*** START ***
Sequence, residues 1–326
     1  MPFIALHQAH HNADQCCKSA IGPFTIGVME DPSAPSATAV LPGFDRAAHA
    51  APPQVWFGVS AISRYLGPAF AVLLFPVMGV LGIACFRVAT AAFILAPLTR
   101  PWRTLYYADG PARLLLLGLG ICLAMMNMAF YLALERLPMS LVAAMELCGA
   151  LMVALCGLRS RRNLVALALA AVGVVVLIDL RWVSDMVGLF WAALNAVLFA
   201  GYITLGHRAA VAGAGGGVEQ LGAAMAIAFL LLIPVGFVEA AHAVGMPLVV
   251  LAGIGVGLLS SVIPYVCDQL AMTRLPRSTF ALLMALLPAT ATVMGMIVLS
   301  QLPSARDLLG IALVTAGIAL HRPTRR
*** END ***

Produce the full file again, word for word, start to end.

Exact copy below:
Sequence, residues 1–326
     1  MPFIALHQAH HNADQCCKSA IGPFTIGVME DPSAPSATAV LPGFDRAAHA
    51  APPQVWFGVS AISRYLGPAF AVLLFPVMGV LGIACFRVAT AAFILAPLTR
   101  PWRTLYYADG PARLLLLGLG ICLAMMNMAF YLALERLPMS LVAAMELCGA
   151  LMVALCGLRS RRNLVALALA AVGVVVLIDL RWVSDMVGLF WAALNAVLFA
   201  GYITLGHRAA VAGAGGGVEQ LGAAMAIAFL LLIPVGFVEA AHAVGMPLVV
   251  LAGIGVGLLS SVIPYVCDQL AMTRLPRSTF ALLMALLPAT ATVMGMIVLS
   301  QLPSARDLLG IALVTAGIAL HRPTRR